A Bumper Crop Surprise :: N2W 220617

Inspired by KL Caley’s #WRITEPHOTO Challenge to write a

“Um, excuse me Mr. Ricardo, sir.  I need to talk with you. It’s kind’a urgent.”

“Certainly Jonas.  Folks, you can just follow the path to see the rest of the farm.  I need to talk with our head researcher and will catch up with you in a few minutes.”

“Can we step . . . ?”

“Jonas, whatever it is, we’ll make it work. We always do, but sure, let’s go back to the grove.

“Okay, that was the last group for today so no one should come strolling by. What has you worried this time?”

“We have a problem with the shimeji loom.”

“A problem? Jonas, the loom organism has far exceeded our hopes. The yields in the shimeji beds are fabulous.”

“Yes, yes. That’s not the problem, um, sir; you know that the loom is a GMO that we created. It, um, greatly increases the growth of the shimeji hyphae, the um roots . . .”

“Jonas. Please relax. We’re just talking through a problem, and I like to think that I’m a fairly well-informed investor. I know what the hyphae are and that they grow to form a mesh, a mass called the mycelium. I know that we taught the loom organism to nourish and accelerate growth by weaving the hyphae into a stronger mycelium to increase the success of each shimeji cluster. With a drop of our loom, successful germination of a single shimeji spore drastically improves the fungus growth.  Do I have this correct?”

mushroom parts

Image from GroCycle article: A Guide to All the Parts of a Mushroom.

“Yes, sir, ye-yes. There is no problem with the success of the loom. The fruit itself is great. All who have tasted it can’t tell the difference and so, there is no reason to expect anything but a great market for them – unless they test the whole plant where it grew.”

“The plant itself? Why would anyone do that?”

“Yesterday, I got three calls from different neighbors downstream from us. Each reported the same troubling phenomenon, so I visited each to investigate. You know the shimeji is not easily germinated and even the most experienced growers have limited success.”

“And that is why our loom organism is going to make us wealthy, yes.”

“No.  No, sir.  It’s not. The loom organism is not designed to self-propagate. It is supposed to germinate a single shimeji fungus and then burn itself out – like a fertilizer would. Each of those neighbors reported multiple unexpected new patches of shimeji in their yards. Sir, the shimeji loom is propagating itself.

“I collected samples of from each yard and got the spores under a microscope and they are definitely not normal shimeji spores.  They’re larger, more complex.  The hyphae, are tinted, just like ours.”

“We use a plastic sheet around our plants to prevent stray germinations. For us, it’s a standard step for all our research plants, but the spores from our plants made their way down the hillside to our neighbor’s farms and I now expect that everyone down wind from us are going to have tens, maybe hundreds of successful germinations.”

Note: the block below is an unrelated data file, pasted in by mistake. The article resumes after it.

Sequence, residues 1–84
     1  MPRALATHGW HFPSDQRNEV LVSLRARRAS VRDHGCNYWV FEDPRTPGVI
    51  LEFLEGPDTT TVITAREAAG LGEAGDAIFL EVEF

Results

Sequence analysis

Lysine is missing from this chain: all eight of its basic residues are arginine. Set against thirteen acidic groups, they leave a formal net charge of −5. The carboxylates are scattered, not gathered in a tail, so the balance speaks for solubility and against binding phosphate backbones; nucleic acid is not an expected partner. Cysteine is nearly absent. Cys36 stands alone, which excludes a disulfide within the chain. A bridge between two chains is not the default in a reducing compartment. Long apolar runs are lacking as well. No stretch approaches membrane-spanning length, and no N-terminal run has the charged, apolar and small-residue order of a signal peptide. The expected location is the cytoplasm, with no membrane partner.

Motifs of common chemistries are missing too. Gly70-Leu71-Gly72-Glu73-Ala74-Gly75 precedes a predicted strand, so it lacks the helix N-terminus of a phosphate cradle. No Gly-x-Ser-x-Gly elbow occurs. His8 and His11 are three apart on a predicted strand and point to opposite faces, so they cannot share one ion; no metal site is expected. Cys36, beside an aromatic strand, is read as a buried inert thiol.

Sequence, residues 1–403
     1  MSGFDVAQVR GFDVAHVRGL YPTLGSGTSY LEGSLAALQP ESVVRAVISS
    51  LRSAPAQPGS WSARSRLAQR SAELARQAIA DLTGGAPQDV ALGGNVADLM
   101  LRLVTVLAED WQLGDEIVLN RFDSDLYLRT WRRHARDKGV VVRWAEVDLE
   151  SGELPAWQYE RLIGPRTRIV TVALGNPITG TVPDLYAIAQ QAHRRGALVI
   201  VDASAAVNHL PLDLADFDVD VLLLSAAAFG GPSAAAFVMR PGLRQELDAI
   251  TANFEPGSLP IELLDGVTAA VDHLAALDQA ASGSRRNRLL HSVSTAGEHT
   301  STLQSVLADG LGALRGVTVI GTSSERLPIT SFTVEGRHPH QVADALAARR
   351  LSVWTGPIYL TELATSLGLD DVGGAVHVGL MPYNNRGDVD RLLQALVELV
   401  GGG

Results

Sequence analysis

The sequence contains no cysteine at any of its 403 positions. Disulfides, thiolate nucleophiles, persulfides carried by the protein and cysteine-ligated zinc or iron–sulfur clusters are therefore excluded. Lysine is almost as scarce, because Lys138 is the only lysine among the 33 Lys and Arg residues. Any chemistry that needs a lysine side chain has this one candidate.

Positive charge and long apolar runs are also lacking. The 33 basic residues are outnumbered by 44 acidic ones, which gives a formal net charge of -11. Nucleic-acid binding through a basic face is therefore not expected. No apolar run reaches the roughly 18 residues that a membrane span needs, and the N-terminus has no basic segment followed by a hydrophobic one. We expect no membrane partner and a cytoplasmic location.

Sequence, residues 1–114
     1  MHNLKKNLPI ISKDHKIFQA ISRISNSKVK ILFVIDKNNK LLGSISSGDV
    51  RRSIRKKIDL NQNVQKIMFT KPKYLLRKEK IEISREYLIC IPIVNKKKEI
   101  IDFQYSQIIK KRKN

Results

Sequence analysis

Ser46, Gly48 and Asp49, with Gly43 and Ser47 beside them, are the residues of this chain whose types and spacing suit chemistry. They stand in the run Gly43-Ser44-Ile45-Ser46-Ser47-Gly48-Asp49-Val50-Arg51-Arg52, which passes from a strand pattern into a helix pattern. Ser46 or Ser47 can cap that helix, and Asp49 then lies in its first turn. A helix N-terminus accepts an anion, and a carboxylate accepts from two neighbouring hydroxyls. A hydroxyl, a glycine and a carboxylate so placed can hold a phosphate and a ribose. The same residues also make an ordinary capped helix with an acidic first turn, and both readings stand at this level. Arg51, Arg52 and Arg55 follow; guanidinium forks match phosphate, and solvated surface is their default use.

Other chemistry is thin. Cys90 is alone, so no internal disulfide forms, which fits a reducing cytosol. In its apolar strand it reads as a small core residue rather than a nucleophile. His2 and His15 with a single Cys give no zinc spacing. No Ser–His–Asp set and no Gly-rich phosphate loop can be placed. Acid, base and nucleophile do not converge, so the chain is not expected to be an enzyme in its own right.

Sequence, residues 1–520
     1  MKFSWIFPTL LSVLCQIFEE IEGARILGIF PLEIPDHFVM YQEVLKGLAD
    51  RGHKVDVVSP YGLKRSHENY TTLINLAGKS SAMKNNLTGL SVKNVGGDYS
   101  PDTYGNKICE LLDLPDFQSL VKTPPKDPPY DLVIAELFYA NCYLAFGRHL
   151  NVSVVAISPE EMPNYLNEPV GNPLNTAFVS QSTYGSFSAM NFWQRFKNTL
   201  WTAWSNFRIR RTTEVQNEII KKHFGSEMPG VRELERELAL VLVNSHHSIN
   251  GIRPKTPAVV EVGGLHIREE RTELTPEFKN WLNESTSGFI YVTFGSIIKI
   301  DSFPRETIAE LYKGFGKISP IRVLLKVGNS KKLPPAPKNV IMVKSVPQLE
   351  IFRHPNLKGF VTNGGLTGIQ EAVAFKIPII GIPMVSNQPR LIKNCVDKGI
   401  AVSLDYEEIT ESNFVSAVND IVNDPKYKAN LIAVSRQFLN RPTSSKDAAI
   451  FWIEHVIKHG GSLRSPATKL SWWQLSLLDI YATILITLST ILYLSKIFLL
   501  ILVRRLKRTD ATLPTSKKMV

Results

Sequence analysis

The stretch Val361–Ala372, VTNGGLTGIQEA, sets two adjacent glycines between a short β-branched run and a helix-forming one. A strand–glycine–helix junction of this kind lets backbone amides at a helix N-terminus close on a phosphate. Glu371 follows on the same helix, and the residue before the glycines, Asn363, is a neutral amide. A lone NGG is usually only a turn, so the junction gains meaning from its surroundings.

“How can this be possible Jonas? What happened to the spores?’

“It’s the loom organism. It found a way to clone itself up the fungus stems to the spores and thus is propagating itself along with the shimeji plant. The second generation is going to spread logarithmically across our neighbor’s farms.  By the fifth and sixth generations, the whole valley is going to be full of shimeji mushrooms.”

mushrooms by KL Caley

Photo Credit: KL Caley

“Jonas. . . Let me think. . . No, this cannot be happening. Taste notwithstanding, each fruit will now test positive for being a GMO and will be banned from most countries. Our market for the fruit is gone.”

“It’s worse sir.  It’s going to take a widespread use of some kind of fungicide to kill off the loom. By the time we get this stopped, we would have spent much more than your investment. I fear we’ll also be broke.”

GW bio card 4

17 thoughts on “A Bumper Crop Surprise :: N2W 220617

  1. I love finding mushrooms growing. I don’t know what it is about them, but I will stop and take pictures. My stories about mushrooms, as I am sure you can guess, typically involve fairies or other magical creatures. Fun piece, Gary.

    Liked by 1 person

    1. Mushrooms are just so weird and not well understood (I knew very little of what I used in my story until I had to deal with KL’s prompt) but completely understand using the unknown to play with magic and fairies.
      I just like trying to tackle and write about mild science-y things.
      Between the two of us, we could own the market for stories. . .


    1. Thanks Maria.
      I think that Sweden is one of the countries that has outlawed the production and sale of GMO food. Some of the things that industry has come up with is attractive, but I’ve come to believe that in general, this has not proved to be helpful to the final consumer.
      So I decided to poke at it with this story.
      Thanks for giving it a read.

      Liked by 1 person

    1. Ha – hope would have to happen in chapter 2 or 3 after this shrum picks ups some speed and takes over the EU.
      Must proceed with caution. SciFi can easily get as out of control as a GMO mushroom. . .


  2. If you’re interested in the discovery of mycelium networks and their function, read Finding the Mother Tree, which is the biography of a ‘slightly odd’ Canadian woman who goes against the loggers and eventually discovers pure gold (but not that sort). I reviewed it last year, probably in early June. 🙂


    1. Hi Jemima,
      I am sorta interested in almost anything in nature and science. I never had the grades to turn my interest into a career, but I do love a good hard scifi story.


    1. I think all the GMO folks mean well.
      I also think that our abilities have grown past our wisdom while not growing enough to anticipate and prevent surprises like my story depicts.


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